S3: Fine Line - Episode 21 - Anna

Episode Information

[Intro Music]

Narrator:  Welcome to Season three Fine Line narrative histories about mental health and mental illness, a traveling exhibition and weekly podcast edited and hosted by Michael Nye, supported by Kronkosky Charitable Foundation. May you find insight and understanding in these voices. Episode 21, Anna.

Anna:  I don’t know who I am. I think about that a lot. And I wonder why I am the way I am or why I think the way I do and what makes me me. But I, I’m just a simple girl. I’m not one to want the most fabulous things. I just wanted my family to be happy and to just have a good life. So I don’t know what that makes me. The first time I experienced depression that I can remember was probably when I was like four or five, just knowing that I was different, that I didn’t feel like everyone else, that something was wrong with me. The feeling of being scared of everything. And everyone, I used to take my mom’s picture with me to school every day, and she told me to take it because that way I could feel safe. The counselor would pull me out, and she talked to me to try to comfort me and stuff like that. But I wondered if like other kids thought I was weird for always crying and having to step out of the class and stuff. But like, my priority was my mom. I felt that I had to take care of her and everything. But just being so scared when I was little and thinking that each day when I went to off to school, that that might’ve been the last day that I was going to see her, was, was horrible.

I was diagnosed with manic depression, and I had a phobia too. I was afraid of the world ending. Some of the symptoms I had were just always wanting to be alone. I’d had crying spells and the anxieties, that feeling of not being able to breathe. But most of all, what I remember still is that fear. I was terrified of everything. I just wanted to crawl in a little bar in the corner and disappear. I didn’t wanna feel anything anymore. I didn’t wanna have to deal with anything anymore. I just, I didn’t wanna hurt myself. I just wanted to not be here. Sometimes I wonder if I even wanted it to go away. It was such a part of me that I felt that I was being punished or something, but I don’t know. After a while, I just, I got tired.

I saw this doctor for a good while. I remember, and after a couple of years, our insurance wasn’t going to cover him anymore. So I went out and I got a job, and as soon as I would get paid, I would call and I went to go see him. And at this time, I was, I had so much anxiety, and I would pray to myself, oh God, please, you know, don’t let me get scared. I hope nobody talks to me. God, you know, trying to reassure myself to get on the bus to go see him. And when I would get there, I’d remember walking off fast and kind of just wanting to get in the office. And once I did, I felt a little safe, and I would go see him, and I walk out of there like I could breathe. And I just knew that if I didn’t change what was going on for myself, then I was gonna be miserable forever. Even now, I tell my mom, I get discouraged with school. I feel like I’m not ever gonna finish, or that it’s kind of, it seems kind of impossible, but I enroll every semester, and even if I’m barely passing, I stick it through. And I always tell my mom that I love her a lot and that, um, I just don’t wanna ever be stuck. I don’t wanna have to depend on somebody to take care of me. I wanna be able to do it and know that I can.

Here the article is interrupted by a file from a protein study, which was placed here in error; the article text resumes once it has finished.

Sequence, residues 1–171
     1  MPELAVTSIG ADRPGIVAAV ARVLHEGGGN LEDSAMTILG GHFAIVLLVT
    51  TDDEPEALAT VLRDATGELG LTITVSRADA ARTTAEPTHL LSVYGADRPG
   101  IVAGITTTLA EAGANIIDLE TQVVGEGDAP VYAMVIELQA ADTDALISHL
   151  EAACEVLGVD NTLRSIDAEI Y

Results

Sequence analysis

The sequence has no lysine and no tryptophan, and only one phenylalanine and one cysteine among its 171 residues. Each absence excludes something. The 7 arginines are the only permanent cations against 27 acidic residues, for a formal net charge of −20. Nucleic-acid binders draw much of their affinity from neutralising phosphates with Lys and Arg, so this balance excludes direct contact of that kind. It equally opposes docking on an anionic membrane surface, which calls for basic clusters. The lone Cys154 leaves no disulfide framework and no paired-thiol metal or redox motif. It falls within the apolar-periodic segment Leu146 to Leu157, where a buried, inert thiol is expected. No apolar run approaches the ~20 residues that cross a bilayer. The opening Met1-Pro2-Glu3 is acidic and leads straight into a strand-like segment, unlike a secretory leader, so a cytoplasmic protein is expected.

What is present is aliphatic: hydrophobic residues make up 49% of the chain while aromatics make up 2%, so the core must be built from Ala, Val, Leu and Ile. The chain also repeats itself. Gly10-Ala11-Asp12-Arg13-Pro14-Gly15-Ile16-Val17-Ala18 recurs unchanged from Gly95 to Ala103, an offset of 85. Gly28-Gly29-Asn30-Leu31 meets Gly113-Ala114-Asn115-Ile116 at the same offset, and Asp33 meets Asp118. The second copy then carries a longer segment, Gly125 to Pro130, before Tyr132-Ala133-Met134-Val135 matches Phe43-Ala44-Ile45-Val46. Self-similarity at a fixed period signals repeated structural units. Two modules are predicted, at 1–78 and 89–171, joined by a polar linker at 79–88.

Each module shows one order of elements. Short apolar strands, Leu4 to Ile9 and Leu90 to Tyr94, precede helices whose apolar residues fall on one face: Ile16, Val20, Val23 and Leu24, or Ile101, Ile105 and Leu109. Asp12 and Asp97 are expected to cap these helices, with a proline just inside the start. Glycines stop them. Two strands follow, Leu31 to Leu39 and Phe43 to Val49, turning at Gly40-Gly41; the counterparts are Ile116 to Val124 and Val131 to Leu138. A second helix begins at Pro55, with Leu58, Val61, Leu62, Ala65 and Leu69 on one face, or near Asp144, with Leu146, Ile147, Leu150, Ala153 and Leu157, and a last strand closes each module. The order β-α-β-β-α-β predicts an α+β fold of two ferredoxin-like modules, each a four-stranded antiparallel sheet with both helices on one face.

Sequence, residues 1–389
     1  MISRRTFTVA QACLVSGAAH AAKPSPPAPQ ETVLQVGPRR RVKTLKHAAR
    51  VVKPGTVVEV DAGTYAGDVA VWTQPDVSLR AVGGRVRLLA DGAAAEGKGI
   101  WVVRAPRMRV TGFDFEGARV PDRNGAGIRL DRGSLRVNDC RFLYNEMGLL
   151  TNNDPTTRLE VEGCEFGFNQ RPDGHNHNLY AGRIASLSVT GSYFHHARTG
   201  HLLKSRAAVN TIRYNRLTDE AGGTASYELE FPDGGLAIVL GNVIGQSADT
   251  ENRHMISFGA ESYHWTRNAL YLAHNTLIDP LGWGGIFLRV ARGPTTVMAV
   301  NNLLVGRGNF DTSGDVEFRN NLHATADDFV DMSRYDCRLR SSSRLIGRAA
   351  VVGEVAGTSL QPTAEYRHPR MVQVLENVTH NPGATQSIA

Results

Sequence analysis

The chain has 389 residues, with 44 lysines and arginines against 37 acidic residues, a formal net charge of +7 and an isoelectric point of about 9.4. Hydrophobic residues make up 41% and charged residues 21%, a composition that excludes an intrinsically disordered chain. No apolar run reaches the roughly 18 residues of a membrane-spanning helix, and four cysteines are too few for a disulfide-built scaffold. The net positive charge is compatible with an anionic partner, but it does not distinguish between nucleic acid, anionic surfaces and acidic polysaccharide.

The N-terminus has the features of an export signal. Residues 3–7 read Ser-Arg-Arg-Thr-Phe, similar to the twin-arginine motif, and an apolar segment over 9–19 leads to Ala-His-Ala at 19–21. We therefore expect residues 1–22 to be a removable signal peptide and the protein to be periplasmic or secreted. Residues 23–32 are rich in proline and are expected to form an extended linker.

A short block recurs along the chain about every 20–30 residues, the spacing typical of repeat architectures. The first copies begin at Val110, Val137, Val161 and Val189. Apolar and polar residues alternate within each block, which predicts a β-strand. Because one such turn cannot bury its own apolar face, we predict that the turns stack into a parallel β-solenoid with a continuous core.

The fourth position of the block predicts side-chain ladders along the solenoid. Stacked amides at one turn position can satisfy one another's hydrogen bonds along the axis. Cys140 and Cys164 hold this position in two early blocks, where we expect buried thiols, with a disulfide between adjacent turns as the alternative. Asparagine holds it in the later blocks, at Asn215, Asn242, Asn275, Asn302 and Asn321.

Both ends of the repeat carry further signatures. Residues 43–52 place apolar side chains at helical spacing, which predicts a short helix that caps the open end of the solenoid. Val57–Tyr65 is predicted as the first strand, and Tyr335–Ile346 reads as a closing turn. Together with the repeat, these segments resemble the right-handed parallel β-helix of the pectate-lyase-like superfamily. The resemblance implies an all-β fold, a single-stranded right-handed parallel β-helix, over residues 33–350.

[Outro Music]

Host:  Fine line mental health, mental illness began as a traveling exhibition and travel to over 60 cities, a series of audio narratives and portraits from the point of view of those that are living with a mental illness. These stories are not intended to summarize or explain anyone’s life. We all carry a thousand stories, and every story is incomplete.

These stories are about our shared humanity, about the mysterious genes that we inherit carry as gifts or burdens and pass on to the next generation. A story can be a window into a larger world than our own. And places where empathy and understanding begin. It is so tragic that some children experience severe fear and anxiety, some as a result of trauma, while others may carry a genetic propensity. Thank you, Anna, for sharing your voice, your story. Thank you for your care and your presence and your courage. I’m Michael Nye. You can go to my website, michaelnye.org/podcast  for Anna’s portrait and transcript. Thank you for listening.